India has a multi-party system, where there are a number of national as well as regional parties. A regional party may gain a majority and rule a particular state. If a party is represented in more than 4 states, it would be labelled a national party. Out of the 72 years of India’s independence, India has been ruled by the Indian National Congress (INC) for 53 of those years, as of January 2020.
The party enjoyed a parliamentary majority save for two brief periods during the 1970s and late 1980s. This rule was interrupted between 1977 and 1980, when the Janata Party coalition won the election owing to public discontent with the controversial state of emergency declared by the then Prime Minister Indira Gandhi. The Janata Dal won elections in 1989, but its government managed to hold on to power for only two years.
Between 1996 and 1998, there was a period of political flux with the government being formed first by the nationalist Bharatiya Janata Party (BJP) followed by a left-leaning United Front coalition. In 1998, the BJP formed the National Democratic Alliance with smaller regional parties, and became the first non-INC and coalition government to complete a full five-year term. The 2004 Indian elections saw the INC winning the largest number of seats to form a government leading the United Progressive Alliance, and supported by left-parties and those opposed to the BJP.
On 22 May 2004, Manmohan Singh was appointed the Prime Minister of India following the victory of the INC & the left front in the 2004 Lok Sabha election. The UPA ruled India without the support of the left front. Previously, Atal Bihari Vajpayee had taken office in October 1999 after a general election in which a BJP-led coalition of 13 parties called the National Democratic Alliance emerged with a majority. In May 2014, Narendra Modi of BJP was elected as Prime Minister of India.
Formation of coalition governments reflects the transition in Indian politics away from the national parties toward smaller, more narrowly based regional parties. Some regional parties, especially in South India, are deeply aligned to the ideologies of the region unlike the national parties and thus the relationship between the central government and the state government in various states has not always been free of rancor. Disparity between the ideologies of the political parties ruling the centre and the state leads to severely skewed allocation of resources between the states.
The lack of homogeneity in the Indian population causes division between different sections of the people based on religion, region, language, caste and ethnicity. This has led to the rise of political parties with agendas catering to one or a mix of these groups. Parties in India also target people who are not in favour of other parties and use them as an asset.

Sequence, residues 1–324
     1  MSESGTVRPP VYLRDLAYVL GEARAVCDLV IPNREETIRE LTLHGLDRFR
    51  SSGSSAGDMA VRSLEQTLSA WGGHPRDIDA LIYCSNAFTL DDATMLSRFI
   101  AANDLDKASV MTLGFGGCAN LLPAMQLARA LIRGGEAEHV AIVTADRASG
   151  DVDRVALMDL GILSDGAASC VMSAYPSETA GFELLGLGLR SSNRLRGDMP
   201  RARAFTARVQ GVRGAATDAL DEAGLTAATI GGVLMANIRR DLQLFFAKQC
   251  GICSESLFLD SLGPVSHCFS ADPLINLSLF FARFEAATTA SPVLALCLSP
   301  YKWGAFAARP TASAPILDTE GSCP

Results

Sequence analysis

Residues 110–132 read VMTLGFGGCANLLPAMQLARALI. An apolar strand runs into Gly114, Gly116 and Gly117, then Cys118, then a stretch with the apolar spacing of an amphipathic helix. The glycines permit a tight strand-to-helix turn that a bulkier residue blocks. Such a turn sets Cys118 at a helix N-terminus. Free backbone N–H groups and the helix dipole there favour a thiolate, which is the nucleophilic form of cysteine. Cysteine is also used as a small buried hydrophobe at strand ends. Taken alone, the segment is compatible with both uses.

Some parties openly profess their focus on a particular group; for example, the Dravida Munnetra Kazhagam’s and the All India Anna Dravida Munnetra Kazhagam’s focus on the Dravidian population and Tamil identity; Biju Janata Dal’s championing of Odia culture; the Shiv Sena’s pro-Marathi agenda; Naga People’s Front’s demand for protection of Naga tribal identity; People’s Democratic Party ;National Conference’s calling for Kashmiri Muslim identity and The Telugu Desam Party was formed in United Andhra Pradesh by late Shri N.T.Rama Rao which demands for rights and needs of people of the state only. Some other parties claim to be universal in nature, but tend to draw support from particular sections of the population. For example, the Rashtriya Janata Dal (translated as National People’s Party) has a vote bank among the Yadav and Muslim population of Bihar and the All India Trinamool Congress does not have any significant support outside West Bengal.
The narrow focus and votebank politics of most parties, even in the central government and central legislature, supplements national issues such as economic welfare and national security. Moreover, internal security is also threatened as incidences of political parties instigating and leading violence between two opposing groups of people is a frequent occurrence. Example, The Anti Hindu Riots in Delhi in 2020.
Economic issues like poverty, unemployment, development are main issues that influence politics. Garibi Hatao (eradicate poverty) has been a slogan of the Indian National Congress for a long time. The well known Bharatiya Janata Party encourages a free market economy. The more popular slogan in this field is Sabka Saath, Sabka Vikas (Cooperation with all, progress of all). The Communist Party of India (Marxist) vehemently supports left-wing politics like land-for-all, right to work and strongly opposes neo-liberal policies such as globalisation, capitalism and privatisation.
Law and order
Terrorism, Naxalism, religious violence and caste-related violence are important issues that affect the political environment of the Indian nation. Stringent anti-terror legislation such as TADA, POTA and MCOCA have received much political attention, both in favour and opposed and some of these laws were disbanded eventually due to human rights violations, however UAPA was put into force again in 2019 after a new legislation.
Terrorism has affected politics India since its conception, be it the terrorism supported from Pakistan or the internal guerrilla groups such as Naxalites. In 1991 the former prime minister Rajiv Gandhi was assassinated during an election campaign. The suicide bomber was later linked to the Sri Lankan terrorist group Liberation Tigers of Tamil Eelam, as it was later revealed the killing was an act of vengeance for Rajiv Gandhi sending troops in Sri Lanka against them in 1987.
The Babri Masjid demolition on 6 December 1992 by Hindu Karsevaks and the Godhra Train Killings resulted in nationwide communal riots in two months, with worst occurring in Mumbai with at least 900 dead. The riots were followed by 1993 Mumbai Bomb Blasts, which resulted in more deaths.